On the Niding Pole, the horse skull invokes the horse rune Ehwaz, using the linking and transmissive power of the rune for the magical working. The horse is sacred to Odin, god of runes and magic.

    Excerpt from Rune Magic: The History and Practice of Ancient Runic Traditions

    During the Viking Age to put a "nid" on someone was to put very powerful verbal curse upon them. The power of words was not taken lightly by these efficient warriors, so to make a curse of this kind was very serious. It was the ultimate insult, and used only in dire circumstances.

    In the Saga of Egil Skallagrimsson (an Icelandic/Norwegian story from the 10th century) King Eirik Bloodaxe, wronged Egil and made him an outlaw. The feuding resulted in many dead on both sides. After a battle on the island of Herdla (near Norway), Egil raised a hazelwood pole on the top of this island, and on the top of the pole he placed a severed horse's head, aimed towards Eirik's home. On the pole he carved sacred runes, with a curse upon King Eirik. He also spoke this curse, this "nid":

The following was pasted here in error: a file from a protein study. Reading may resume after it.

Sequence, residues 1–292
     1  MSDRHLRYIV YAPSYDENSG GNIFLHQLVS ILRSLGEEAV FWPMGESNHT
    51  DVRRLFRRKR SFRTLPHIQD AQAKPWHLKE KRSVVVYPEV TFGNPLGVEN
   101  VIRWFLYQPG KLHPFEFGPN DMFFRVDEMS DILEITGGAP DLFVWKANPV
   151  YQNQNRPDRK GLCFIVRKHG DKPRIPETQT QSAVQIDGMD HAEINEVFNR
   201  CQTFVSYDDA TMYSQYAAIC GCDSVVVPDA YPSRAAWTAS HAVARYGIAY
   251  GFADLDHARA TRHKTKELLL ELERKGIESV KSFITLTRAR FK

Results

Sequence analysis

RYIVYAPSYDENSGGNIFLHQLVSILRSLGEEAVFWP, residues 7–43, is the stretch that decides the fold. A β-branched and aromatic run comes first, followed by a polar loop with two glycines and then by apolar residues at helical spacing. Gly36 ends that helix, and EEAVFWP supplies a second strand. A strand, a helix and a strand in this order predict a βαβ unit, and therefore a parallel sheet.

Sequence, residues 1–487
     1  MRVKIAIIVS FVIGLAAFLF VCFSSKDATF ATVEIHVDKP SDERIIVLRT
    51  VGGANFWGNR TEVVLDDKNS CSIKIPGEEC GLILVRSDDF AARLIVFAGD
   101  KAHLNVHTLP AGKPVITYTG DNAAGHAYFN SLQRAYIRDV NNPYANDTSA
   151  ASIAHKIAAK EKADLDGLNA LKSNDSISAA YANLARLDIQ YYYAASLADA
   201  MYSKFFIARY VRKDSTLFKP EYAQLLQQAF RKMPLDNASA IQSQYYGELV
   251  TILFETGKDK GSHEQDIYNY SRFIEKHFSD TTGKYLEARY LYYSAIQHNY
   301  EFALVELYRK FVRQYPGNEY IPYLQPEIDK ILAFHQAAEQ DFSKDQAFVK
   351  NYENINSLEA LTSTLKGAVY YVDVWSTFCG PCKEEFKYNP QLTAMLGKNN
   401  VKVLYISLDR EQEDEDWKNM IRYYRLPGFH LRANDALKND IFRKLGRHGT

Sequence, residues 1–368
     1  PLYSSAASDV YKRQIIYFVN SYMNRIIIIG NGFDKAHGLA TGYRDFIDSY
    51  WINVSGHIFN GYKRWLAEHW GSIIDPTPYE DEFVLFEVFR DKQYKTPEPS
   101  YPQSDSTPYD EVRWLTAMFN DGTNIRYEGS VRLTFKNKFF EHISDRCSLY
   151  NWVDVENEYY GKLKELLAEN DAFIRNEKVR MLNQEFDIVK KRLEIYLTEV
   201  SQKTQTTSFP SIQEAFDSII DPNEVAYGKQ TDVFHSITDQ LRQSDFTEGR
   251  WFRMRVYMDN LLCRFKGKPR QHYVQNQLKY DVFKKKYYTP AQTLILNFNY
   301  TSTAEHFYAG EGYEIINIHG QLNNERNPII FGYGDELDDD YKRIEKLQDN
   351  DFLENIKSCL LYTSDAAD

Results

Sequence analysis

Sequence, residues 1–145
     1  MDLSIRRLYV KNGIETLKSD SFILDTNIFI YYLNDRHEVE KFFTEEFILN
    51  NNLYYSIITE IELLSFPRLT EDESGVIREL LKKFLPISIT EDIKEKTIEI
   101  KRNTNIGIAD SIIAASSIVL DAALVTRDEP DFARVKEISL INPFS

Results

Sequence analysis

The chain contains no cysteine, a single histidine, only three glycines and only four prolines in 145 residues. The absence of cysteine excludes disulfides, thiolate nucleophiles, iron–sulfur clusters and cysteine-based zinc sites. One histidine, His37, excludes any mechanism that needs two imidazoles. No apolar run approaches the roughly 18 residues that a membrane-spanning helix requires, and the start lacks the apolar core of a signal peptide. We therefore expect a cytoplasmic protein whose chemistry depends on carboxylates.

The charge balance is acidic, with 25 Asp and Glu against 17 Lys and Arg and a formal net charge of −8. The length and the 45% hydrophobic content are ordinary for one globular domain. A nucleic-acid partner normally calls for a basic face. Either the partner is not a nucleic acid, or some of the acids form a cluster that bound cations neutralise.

"Here I place this "Nidstang" ("curse-pole"), and turneth it against King Eirik and Queen Gunnhild - turneth I this against all the gnomes and little people of the land, that they may all be lost, not finding their homes, until they drive King Eirik and Queen Gunnhild out of the country."

    According to the legend, the curse soon took effect, and King Eirik and his Queen Gunnhild fled to the British Isles.

    The Pleading of Busla
    Heyr ţú bćn Buslu,
    brátt mun hún sungin,
    svá at heyrast skal
    um heim allan,
    ok óţörf öllum,
    ţeim sem á heyra,
    en ţeim ţó fjándligust,
    sem ek vil fortala.

    Villist vćttir,
    verđi ódćmi,
    hristist hamrar,
    heimur sturlist,
    versni veđrátta,
    verđi ódćmi...

    Svá skal ek ţjarma,
    ţér at brjósti,
    at hjarta ţitt
    höggormur gnagi,
    en eyru ţin
    aldregi heyri
    ok augu ţín
    úthverf snúist...

    Ef ţú siglir,
    slitni reiđi,
    en af stýri
    stökkvi krókar,
    rifni reflar,
    reki segl ofan,
    en aktaumar